A beautiful book, but I found it bloody hard to like,
This review is from: Blood & Beauty (Kindle Edition)
I am almost ashamed to award this book just 3 stars. I feel that the relatively low rating reflects worse on me than on the author or her book. Particularly, as having read other reviews I find that I share none of the criticisms expressed by other negative reviewers and I appear to be isolated in my somewhat discreditable reasons for not liking what is in many respects a wonderful novel.
Any book about the Borgias runs a risk of drifting into soft porn and Dunant does not seem to have made any particular effort to avoid this risk. I did not mark Blood and Beauty down because of this. Far from offending my sensibilities I actually admit to quite enjoying that aspect of the book and it is very well written porn, if it can be described in these terms. The only problem from my perspective is that the author seems far more interested in clothes and hair styles than in flesh and passion.
I also did not dislike the writing style. Granted, it does take a bit of getting used to; most of the book is written from the point of view of individual character’s but in a detached 3rd person. This can seem a little dry, but you get used to it and any criticism of this is more than offset by some quite wonderful descriptive writing. The description of 15th century Rome for example is beautifully done, conjuring up a desolate and hollow place with a fairly sinister aspect.
I disagree with other reviewers who have described this book as dwelling too much on the historical side of the Historical Romance; I think this may reflect the 3rd person description of characters described above, certainly this is not a history text book or anything approaching that. I also largely disagree with other reviewers who criticize the novel as having too many historical errors. Try as I might I could not find any glaring errors to complain about. The nearest I got was the description of Alexander VI planning to divide the new world between Portugal and Spain shortly after his inauguration, to be hypercritical this would have required God like prescience that I am sure Dunant did not intend. Alexander’s publication of the 1493 bull ‘Inter caetera’ was much more about clarification of dominion in the known world and was blind to the full extent of the new world that was discovered later: this is a very geeky criticism and frankly I was greatly impressed by the research that must have gone into this book. I’m sure there are other errors if you have the time to sit down with a computer and a pedant’s eye, but even I am not so much in want of a life that I would do that.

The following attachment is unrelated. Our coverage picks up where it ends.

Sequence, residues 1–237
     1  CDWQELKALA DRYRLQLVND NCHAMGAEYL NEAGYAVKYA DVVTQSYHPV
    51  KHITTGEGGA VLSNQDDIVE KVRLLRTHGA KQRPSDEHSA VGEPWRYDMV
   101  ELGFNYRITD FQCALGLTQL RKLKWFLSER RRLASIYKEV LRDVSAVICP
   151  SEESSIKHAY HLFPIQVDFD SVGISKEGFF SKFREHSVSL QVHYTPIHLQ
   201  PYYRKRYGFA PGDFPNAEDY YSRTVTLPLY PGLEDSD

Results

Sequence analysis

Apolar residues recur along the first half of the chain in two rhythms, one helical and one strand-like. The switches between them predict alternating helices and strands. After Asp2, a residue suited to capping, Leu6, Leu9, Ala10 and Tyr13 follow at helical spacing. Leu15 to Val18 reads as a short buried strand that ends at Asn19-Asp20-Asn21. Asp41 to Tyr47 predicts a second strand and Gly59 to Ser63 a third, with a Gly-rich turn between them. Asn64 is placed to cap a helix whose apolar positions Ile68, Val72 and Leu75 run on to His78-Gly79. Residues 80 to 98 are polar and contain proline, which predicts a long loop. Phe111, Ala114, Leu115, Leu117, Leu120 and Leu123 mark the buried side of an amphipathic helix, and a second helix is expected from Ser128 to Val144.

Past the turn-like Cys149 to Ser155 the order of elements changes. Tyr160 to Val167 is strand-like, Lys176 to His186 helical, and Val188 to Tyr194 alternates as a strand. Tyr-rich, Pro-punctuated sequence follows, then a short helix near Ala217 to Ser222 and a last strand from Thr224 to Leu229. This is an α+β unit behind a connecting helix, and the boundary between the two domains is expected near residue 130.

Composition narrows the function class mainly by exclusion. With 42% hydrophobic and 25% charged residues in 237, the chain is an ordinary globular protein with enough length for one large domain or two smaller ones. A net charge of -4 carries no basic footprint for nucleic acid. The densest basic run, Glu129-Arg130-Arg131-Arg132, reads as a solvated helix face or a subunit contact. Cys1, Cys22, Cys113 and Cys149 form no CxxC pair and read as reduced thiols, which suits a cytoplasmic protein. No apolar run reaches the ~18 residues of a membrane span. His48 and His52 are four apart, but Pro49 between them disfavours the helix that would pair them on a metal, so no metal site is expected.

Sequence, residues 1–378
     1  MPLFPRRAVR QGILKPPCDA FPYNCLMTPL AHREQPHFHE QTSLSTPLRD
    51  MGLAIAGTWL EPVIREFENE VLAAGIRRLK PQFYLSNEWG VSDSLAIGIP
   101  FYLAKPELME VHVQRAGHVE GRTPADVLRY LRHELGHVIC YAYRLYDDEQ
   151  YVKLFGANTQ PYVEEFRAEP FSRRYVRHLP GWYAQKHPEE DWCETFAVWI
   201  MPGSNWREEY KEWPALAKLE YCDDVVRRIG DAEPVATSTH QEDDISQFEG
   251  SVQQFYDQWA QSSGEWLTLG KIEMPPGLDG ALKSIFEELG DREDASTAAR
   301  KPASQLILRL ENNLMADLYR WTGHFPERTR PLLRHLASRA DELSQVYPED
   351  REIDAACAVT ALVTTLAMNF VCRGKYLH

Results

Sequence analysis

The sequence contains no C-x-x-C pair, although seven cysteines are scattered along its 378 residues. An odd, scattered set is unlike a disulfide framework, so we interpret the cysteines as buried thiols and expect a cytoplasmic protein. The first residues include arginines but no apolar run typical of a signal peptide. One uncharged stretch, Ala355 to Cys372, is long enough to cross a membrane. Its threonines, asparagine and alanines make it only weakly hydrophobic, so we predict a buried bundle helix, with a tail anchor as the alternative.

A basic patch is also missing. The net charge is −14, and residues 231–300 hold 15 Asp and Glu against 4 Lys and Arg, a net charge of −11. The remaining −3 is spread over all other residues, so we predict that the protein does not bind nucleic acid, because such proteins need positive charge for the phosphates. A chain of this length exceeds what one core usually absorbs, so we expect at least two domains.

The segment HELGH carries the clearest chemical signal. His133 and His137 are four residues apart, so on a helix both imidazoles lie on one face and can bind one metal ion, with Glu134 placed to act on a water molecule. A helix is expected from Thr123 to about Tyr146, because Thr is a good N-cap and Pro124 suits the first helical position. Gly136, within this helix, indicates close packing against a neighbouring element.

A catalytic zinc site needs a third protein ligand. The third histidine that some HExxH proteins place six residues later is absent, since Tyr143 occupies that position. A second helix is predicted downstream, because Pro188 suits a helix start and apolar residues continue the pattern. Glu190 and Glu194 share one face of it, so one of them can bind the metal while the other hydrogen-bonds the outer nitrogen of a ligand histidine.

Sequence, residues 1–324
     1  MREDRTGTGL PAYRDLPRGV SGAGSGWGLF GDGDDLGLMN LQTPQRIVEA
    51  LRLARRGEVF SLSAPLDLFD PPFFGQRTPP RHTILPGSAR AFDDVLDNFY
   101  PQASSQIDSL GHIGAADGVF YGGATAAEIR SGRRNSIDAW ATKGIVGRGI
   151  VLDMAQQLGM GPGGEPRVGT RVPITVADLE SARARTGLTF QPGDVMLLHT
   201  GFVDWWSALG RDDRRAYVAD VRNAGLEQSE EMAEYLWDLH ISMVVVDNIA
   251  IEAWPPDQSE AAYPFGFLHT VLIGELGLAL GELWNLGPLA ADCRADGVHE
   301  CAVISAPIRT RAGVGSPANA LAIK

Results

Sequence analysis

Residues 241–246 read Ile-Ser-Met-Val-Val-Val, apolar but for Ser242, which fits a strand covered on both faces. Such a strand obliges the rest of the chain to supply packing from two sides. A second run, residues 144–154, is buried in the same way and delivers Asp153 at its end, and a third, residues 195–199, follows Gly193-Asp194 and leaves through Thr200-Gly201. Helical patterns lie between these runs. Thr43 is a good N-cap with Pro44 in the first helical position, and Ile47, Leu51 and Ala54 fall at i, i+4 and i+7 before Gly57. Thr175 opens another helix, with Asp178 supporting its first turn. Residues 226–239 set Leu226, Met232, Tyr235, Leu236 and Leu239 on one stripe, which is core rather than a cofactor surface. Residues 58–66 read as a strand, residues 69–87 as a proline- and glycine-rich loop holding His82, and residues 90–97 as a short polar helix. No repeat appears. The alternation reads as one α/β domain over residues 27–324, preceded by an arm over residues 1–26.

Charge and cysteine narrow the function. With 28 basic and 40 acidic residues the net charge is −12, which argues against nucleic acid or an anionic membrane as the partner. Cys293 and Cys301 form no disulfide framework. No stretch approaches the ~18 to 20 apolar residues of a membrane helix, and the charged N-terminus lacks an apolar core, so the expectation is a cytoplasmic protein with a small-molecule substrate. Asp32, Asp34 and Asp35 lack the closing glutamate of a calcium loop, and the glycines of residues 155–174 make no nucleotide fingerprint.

OK. So why didn't I like this book? Before answering I would like to give a few background statements by way of an attempted excuse. I like to think of myself as a liberal with great sympathy for feminism. I object strongly when others glibly describe books as ‘Male’ or ‘Female’. I am firm in my conviction that there is no reason why my sport loving daughter should not love adventure stories or my sentimental son should not love Catcher in the Rye. I hate caricature and pigeon holing. Imagine my discomfort therefore when I realized that the reason I wasn't enjoying this book was that its target audience was a demographic that likes fashion, emotional intricacies and family relationships and which is less interested in politics, theology and military tactics. I suspect that I am less in touch with my feminine side than I had once hoped.